Plus, streaming media is often accompanied by other types of energy usage—all of which have both a financial and an environmental cost. “With temperatures peaking through summer, the average household should expect higher-than-average utility and gas bills,” says Delva-Gonzalez. Many households are already putting a larger percentage of their income towards their monthly utility bills, thanks to inflation—which means that anything you can do to save energy may also save you money.

With that in mind, here are five low-cost, high-value alternatives to streaming services:

“The most valuable aspects of life aren’t found while streaming,” says Delva-Gonzalez. “They’re found outside, where you can develop and nurture new skills.”

Not sure whether you’re ready to spend less time streaming and more time with friends, family, library books, tabletop games, community resources and the great outdoors? No problem. Start by canceling just one streaming media subscription—and go ahead and do it right now, before you change your mind.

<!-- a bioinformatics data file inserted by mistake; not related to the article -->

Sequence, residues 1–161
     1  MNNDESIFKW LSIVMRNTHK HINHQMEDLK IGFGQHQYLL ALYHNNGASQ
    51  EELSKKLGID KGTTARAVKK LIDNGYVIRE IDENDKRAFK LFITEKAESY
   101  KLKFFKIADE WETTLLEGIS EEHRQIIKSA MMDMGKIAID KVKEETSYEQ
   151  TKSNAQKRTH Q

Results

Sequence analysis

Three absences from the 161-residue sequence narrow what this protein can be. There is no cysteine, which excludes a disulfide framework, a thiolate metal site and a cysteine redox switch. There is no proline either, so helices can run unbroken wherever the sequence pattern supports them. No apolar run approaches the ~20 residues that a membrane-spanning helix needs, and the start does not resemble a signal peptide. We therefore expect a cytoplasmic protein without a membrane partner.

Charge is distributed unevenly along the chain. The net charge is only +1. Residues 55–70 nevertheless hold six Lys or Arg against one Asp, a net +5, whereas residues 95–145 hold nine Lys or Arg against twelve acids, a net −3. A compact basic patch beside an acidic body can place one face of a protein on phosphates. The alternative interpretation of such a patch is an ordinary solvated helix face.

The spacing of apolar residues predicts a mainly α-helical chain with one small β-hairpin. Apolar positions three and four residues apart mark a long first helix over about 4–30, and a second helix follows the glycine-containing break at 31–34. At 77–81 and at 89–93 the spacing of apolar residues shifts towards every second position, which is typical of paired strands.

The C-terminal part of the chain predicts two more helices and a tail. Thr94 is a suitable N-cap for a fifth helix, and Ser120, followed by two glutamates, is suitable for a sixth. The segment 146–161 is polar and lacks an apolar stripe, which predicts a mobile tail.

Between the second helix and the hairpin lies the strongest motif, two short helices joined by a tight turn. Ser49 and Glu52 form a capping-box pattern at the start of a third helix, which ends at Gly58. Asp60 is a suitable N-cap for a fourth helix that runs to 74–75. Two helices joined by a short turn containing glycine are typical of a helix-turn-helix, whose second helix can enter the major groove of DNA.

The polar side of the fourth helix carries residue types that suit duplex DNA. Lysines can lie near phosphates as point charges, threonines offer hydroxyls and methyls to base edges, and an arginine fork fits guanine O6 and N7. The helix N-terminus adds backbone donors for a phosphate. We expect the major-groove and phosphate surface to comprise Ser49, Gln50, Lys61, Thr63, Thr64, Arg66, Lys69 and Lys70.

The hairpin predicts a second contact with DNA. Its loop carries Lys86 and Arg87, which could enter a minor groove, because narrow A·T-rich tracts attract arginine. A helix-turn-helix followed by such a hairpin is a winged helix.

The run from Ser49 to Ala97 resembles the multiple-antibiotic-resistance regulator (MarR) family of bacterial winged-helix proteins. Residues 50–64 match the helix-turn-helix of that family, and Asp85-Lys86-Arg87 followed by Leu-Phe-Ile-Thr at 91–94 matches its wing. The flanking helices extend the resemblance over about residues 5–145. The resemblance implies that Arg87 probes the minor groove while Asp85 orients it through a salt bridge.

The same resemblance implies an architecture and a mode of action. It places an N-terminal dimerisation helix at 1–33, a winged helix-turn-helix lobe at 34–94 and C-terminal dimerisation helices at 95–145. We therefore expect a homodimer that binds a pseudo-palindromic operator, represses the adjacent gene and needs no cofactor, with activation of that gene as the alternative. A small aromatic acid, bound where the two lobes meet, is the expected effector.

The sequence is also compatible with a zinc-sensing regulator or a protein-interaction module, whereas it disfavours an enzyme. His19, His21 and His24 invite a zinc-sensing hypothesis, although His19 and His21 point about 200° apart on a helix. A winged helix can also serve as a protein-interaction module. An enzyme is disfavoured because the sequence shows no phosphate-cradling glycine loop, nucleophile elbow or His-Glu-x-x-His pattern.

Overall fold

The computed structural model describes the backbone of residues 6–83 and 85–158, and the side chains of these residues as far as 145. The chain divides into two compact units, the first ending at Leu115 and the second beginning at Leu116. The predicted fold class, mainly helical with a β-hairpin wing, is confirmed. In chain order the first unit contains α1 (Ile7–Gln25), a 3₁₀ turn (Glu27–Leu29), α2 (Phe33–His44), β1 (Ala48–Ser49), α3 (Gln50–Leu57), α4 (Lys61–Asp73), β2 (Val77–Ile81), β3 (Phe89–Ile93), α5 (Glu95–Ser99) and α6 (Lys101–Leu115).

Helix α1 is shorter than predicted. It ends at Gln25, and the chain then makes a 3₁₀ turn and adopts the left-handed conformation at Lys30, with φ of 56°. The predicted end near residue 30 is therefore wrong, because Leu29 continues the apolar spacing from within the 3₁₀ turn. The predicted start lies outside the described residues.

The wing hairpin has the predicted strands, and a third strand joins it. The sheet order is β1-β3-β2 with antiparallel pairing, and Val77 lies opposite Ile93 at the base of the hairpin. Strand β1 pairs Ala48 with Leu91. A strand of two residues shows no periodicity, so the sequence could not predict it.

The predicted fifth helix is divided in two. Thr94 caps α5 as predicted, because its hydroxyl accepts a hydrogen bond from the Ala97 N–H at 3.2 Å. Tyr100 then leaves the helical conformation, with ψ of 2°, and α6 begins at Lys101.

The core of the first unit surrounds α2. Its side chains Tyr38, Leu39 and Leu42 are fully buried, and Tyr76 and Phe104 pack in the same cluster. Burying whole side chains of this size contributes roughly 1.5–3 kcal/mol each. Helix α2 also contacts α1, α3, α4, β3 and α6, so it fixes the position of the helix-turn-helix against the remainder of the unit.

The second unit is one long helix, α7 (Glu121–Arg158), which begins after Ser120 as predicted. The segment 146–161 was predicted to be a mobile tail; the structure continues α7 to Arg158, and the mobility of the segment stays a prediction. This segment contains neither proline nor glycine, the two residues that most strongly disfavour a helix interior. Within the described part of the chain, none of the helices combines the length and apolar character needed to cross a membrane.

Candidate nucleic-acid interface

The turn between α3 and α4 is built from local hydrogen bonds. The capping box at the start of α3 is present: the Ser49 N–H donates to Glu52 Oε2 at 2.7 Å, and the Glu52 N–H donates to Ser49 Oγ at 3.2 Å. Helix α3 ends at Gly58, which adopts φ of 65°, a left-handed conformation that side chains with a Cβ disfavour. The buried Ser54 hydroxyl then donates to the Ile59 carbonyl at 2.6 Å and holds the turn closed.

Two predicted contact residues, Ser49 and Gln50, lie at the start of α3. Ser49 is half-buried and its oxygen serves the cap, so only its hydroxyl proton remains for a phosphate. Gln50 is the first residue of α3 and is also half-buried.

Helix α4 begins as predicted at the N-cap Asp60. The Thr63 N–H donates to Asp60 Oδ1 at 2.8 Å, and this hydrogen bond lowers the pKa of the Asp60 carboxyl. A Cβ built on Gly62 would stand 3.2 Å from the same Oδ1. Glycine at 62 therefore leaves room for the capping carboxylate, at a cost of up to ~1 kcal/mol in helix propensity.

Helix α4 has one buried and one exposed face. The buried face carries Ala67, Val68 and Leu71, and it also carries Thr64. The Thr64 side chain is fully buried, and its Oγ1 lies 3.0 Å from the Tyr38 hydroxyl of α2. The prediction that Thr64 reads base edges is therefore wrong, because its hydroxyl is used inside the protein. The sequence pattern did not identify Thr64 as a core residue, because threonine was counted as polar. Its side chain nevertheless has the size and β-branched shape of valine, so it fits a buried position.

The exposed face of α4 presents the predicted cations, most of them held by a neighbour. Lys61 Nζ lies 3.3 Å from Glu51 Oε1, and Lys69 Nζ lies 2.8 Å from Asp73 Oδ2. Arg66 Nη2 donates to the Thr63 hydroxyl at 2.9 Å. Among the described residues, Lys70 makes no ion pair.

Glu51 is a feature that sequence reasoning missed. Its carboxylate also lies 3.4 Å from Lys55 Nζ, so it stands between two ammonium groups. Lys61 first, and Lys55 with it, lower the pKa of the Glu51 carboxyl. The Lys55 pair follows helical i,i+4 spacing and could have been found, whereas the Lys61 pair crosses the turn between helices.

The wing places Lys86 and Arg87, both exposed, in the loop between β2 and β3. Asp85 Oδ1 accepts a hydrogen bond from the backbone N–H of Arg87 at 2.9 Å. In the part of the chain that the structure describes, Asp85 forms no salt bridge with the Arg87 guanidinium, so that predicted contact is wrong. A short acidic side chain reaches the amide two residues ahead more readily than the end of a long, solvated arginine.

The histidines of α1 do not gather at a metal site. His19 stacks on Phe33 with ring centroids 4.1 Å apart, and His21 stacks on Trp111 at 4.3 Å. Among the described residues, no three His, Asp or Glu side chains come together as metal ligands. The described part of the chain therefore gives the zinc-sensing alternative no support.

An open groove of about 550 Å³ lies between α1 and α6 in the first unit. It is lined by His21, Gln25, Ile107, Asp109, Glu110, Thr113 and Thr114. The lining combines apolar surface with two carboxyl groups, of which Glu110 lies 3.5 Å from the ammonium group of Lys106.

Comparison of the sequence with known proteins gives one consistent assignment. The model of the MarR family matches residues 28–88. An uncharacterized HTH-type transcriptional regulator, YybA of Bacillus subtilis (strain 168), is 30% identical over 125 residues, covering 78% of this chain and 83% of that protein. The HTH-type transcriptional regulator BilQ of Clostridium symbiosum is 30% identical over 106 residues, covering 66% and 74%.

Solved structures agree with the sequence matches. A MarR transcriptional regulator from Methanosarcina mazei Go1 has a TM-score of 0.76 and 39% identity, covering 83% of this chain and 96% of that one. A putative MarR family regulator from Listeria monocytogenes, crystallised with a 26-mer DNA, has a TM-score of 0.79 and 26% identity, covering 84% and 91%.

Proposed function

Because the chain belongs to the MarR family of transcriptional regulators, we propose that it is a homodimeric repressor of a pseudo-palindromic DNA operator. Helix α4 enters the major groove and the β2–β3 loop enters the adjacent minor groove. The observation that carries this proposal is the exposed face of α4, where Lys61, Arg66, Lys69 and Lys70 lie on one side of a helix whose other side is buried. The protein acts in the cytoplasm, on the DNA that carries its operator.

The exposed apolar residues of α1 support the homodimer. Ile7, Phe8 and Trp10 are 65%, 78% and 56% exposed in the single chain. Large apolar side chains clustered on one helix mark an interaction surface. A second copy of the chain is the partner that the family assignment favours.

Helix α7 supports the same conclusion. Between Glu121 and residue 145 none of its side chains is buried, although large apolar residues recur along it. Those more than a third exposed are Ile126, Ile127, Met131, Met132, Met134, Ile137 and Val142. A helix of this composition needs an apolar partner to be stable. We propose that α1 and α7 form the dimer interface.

After all, you can always resubscribe.

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About Nicole Dieker

Nicole Dieker has been a full-time freelance writer since 2012, with a focus on personal finance and habit formation. In addition to Haven Life, her work regularly appears at Lifehacker, Bankrate,, and Vox. Dieker spent five years as a writer and editor for The Billfold, a personal finance blog where people had honest conversations about money, and is the author of Frugal and the Beast: And Other Financial Fairy Tales.

Read more by Nicole Dieker

Our editorial policy

Haven Life is a customer-centric life insurance agency that’s backed and wholly owned by Massachusetts Mutual Life Insurance Company (MassMutual). We believe navigating decisions about life insurance, your personal finances and overall wellness can be refreshingly simple.

Our editorial policy